In April of 2018, sweeping changes to new federal legislation on domestic abuse, and domestic assault law in Toronto and Canada took place. Bill C-75 aims to speed up legal proceedings and lighten the load on Canada’s overwhelmed court system while handing down harsher penalties on abusers and repeat offenders. The changes will strengthen the courts’ definition and treatment of intimate partner violence, abuse, assault, and harassment.
Changes include broader parameters around what constitutes domestic violence and higher thresholds for bail and longer sentences for repeat offenders. Legal experts, court officials, and legislators hope the bill will increase victims’ safety, and their trust in the justice system.
Perpetrators of domestic assault and abuse have high recidivism rates, and their victims are at increased risk of experiencing repeated instances of stalking, harassment, injury, and assault. One of the hallmark definitions of an abuser is someone who doesn’t believe they’ve done anything wrong, and their behavior is justified.
An abuser will display the following attitudes and beliefs:
* Telling others who to think, feel, and act
* Expecting compliance and obedience without question
* Believing they are justified in whatever they do to get the victim to comply with their demands
* Blaming the victim for the abuse and failing to accept responsibility for their abusive behavior and actions
With that kind of perspective, it’s common for people like that to continue to emotionally harm, harass, and injure their family members and intimate partners.
Domestic assault law in Toronto seeks to protect victims and decrease abusers’ recidivism rates. For example, the new C-75 bill makes broad changes to the way an abuser’s bail is handled. In the past, the Crown had to make a substantial and convincing case for keeping a domestic abuser in jail or prison. Now, repeat abusers must prove why they should be released.
This change should make it more difficult for repeat offenders to get out of jail, and also alleviate some of the pressure, time, and resources on the court; thus speeding up some judicial procedures and processes. While the new domestic assault law in Toronto doesn’t prevent a person from making bail, it does raise the standards significantly for this group of offenders who are likely to leave prison and continue to harass and abuse their victims.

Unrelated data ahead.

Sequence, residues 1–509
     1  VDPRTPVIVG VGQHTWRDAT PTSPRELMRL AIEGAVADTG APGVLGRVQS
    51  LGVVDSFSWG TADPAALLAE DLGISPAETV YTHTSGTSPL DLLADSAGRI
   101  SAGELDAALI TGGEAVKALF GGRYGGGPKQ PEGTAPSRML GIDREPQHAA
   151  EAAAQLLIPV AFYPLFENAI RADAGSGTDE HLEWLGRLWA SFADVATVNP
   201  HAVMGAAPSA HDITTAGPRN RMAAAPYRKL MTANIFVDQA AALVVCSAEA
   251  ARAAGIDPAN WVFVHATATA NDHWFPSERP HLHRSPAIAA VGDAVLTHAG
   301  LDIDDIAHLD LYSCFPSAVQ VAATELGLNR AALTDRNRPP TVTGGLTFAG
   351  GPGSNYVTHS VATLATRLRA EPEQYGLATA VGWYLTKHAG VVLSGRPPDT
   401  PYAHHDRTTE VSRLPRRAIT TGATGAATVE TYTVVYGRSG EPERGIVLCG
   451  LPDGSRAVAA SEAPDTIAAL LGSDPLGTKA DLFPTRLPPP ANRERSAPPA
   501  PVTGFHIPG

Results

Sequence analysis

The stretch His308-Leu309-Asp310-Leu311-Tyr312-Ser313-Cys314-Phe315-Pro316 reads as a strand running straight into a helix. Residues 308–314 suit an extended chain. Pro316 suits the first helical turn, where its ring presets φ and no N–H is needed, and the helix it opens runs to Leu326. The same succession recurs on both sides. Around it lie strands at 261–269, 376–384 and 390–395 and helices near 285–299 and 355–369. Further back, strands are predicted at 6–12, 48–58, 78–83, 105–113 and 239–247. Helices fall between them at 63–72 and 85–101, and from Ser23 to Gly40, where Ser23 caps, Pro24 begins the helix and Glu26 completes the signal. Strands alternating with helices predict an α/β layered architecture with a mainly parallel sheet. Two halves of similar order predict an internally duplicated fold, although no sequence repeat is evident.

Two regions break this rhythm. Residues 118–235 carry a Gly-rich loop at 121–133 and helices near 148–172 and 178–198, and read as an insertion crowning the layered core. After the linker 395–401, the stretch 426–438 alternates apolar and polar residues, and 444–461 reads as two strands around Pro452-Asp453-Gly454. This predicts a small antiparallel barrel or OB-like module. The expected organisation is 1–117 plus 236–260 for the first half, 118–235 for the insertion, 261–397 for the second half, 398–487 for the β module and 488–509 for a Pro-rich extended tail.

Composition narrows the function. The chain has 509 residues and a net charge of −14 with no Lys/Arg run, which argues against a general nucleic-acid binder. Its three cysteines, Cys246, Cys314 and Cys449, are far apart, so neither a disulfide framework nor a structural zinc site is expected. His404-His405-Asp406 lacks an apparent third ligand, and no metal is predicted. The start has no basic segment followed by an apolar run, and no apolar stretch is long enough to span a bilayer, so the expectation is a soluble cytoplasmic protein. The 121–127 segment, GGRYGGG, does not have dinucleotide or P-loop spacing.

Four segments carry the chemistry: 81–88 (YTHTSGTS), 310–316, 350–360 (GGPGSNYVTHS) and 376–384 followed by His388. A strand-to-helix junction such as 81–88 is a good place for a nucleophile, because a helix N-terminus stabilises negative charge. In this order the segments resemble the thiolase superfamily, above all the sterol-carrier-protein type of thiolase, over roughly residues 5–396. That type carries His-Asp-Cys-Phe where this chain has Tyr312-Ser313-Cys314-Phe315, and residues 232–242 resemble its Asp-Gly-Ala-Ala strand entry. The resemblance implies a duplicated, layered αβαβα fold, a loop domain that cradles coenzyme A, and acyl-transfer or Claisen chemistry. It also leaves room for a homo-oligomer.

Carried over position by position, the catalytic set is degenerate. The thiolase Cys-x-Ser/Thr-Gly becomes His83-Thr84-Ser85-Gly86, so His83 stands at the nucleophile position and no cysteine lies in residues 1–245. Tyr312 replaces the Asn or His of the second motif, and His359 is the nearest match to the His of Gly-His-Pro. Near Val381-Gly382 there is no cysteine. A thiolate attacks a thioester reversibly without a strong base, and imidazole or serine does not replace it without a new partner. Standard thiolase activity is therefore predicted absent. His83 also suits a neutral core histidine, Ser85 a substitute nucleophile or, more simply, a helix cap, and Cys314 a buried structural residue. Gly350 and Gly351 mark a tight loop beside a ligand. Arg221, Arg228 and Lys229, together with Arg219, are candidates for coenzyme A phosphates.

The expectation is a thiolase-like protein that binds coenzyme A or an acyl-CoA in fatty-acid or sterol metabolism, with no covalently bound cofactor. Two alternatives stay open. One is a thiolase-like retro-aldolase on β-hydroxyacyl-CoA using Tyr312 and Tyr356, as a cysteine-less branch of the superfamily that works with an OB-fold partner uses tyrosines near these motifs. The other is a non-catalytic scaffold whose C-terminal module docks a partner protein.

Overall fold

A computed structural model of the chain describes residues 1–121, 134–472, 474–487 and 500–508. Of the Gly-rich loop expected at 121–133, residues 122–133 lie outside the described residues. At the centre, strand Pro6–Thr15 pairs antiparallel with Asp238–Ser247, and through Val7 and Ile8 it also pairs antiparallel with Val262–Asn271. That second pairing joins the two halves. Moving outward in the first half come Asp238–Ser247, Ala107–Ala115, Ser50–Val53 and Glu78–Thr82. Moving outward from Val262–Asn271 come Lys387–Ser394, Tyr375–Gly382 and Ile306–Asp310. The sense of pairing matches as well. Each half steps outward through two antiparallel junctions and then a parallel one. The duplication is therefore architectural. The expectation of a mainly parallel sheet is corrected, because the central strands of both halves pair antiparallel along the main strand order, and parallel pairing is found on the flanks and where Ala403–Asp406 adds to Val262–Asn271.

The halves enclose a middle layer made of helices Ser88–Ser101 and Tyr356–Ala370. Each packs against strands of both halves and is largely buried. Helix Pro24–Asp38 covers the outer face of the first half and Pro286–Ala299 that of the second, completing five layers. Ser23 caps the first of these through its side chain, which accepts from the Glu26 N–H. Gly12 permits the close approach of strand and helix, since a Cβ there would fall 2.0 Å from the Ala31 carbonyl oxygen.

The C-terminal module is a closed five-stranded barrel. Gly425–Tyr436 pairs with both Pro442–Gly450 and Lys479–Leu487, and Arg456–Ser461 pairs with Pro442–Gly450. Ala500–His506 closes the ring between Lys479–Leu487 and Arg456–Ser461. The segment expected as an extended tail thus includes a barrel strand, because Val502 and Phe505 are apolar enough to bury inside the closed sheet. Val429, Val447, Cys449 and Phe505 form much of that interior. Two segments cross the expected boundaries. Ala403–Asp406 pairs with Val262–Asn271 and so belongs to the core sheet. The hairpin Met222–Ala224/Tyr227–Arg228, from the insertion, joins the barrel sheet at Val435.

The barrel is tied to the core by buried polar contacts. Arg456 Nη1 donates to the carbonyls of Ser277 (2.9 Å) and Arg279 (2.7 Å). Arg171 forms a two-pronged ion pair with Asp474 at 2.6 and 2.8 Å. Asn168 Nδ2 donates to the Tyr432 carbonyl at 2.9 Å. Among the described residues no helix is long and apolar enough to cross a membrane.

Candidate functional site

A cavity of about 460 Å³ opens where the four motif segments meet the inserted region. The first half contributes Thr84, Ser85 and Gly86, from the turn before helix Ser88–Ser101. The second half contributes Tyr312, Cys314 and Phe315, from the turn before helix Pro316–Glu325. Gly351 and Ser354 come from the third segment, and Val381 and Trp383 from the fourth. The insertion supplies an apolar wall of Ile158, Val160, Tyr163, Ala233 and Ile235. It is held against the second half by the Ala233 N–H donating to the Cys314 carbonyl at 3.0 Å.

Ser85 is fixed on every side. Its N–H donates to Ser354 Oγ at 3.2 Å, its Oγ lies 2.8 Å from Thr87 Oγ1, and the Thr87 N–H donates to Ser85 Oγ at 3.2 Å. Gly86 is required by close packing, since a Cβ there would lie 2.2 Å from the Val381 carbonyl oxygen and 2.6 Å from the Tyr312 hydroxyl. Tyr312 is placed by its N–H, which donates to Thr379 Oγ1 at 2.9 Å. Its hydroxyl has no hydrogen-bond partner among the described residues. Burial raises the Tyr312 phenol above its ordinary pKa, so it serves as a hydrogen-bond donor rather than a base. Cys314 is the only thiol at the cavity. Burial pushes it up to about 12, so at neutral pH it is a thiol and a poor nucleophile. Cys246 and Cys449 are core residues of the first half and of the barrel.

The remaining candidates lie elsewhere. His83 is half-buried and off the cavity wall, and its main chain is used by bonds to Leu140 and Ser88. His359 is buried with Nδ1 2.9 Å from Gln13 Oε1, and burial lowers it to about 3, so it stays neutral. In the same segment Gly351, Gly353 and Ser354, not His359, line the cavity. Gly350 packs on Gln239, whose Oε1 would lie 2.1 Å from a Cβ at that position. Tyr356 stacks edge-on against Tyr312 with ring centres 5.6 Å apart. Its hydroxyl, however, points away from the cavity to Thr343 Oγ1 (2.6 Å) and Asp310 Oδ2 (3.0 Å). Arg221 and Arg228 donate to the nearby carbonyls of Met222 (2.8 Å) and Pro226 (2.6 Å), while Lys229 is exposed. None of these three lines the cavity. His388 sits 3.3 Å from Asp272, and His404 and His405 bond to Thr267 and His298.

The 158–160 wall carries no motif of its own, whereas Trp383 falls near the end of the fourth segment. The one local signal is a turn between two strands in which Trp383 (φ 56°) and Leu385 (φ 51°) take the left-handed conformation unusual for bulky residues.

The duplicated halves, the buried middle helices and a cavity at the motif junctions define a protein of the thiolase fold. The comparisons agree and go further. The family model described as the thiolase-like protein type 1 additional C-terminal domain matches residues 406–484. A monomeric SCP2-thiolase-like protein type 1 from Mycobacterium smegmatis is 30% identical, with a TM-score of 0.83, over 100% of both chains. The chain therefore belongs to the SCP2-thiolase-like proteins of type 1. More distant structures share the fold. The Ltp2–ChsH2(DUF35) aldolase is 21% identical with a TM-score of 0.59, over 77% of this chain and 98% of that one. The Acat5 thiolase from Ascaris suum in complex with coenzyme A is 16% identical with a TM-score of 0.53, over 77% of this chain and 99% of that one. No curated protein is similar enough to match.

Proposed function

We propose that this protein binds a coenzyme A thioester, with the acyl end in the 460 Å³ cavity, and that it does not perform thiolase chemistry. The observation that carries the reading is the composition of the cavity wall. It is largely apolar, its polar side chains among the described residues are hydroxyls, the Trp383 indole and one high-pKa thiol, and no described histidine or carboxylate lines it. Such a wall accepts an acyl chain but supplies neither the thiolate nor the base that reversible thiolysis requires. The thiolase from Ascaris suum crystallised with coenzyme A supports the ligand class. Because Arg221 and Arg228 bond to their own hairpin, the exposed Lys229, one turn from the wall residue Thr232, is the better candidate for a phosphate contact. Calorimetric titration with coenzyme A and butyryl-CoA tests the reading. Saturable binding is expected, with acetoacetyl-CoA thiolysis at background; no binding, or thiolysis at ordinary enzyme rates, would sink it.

Yet more changes have occurred with the domestic assault law in Toronto. C-75 has also changed the very language of the criminal code. The type of people protected against domestic abuse and violence is broader and modernized. Before, domestic partners were defined by marriage and blood ties. Now, intimate partners are included. Intimate partners are defined as former or current dating partners.
Research conducted between 2005 and 2011 found that 54% of all domestic violence cases involved people who were dating. So, for years more than half of all victims of domestic violence were not married, and therefore, not protected from partner abuse. Furthermore, a quarter of the violence cited in dating cases happened after the parties broke up. Thankfully, dating partners and people who’ve broken up with the abuser are now protected under domestic assault law in Toronto.
According to the best criminal attorney in Toronto, legal changes also include increasing the penalties for repeat abusers, and also include provisions that will make intimate-partner violence a factor that applies to current and former partners. For example, the Canadian government will now recognize that strangulation and assault with a weapon and assault that results in bodily injury are more serious crimes and therefore, require stiffer penalties.
While most courts have made provisions for intimate partner abuse victims across Canada for many years, and have also handed down stiffer penalties for repeat offenders, the new domestic assault law in Toronto and Canada seeks to codify these past provisions. Stiffer penalties and bail provisions for abusers, and the official inclusion of intimate partners will increase the efficiency of the criminal justice system and keep people safe from domestic violence and assault.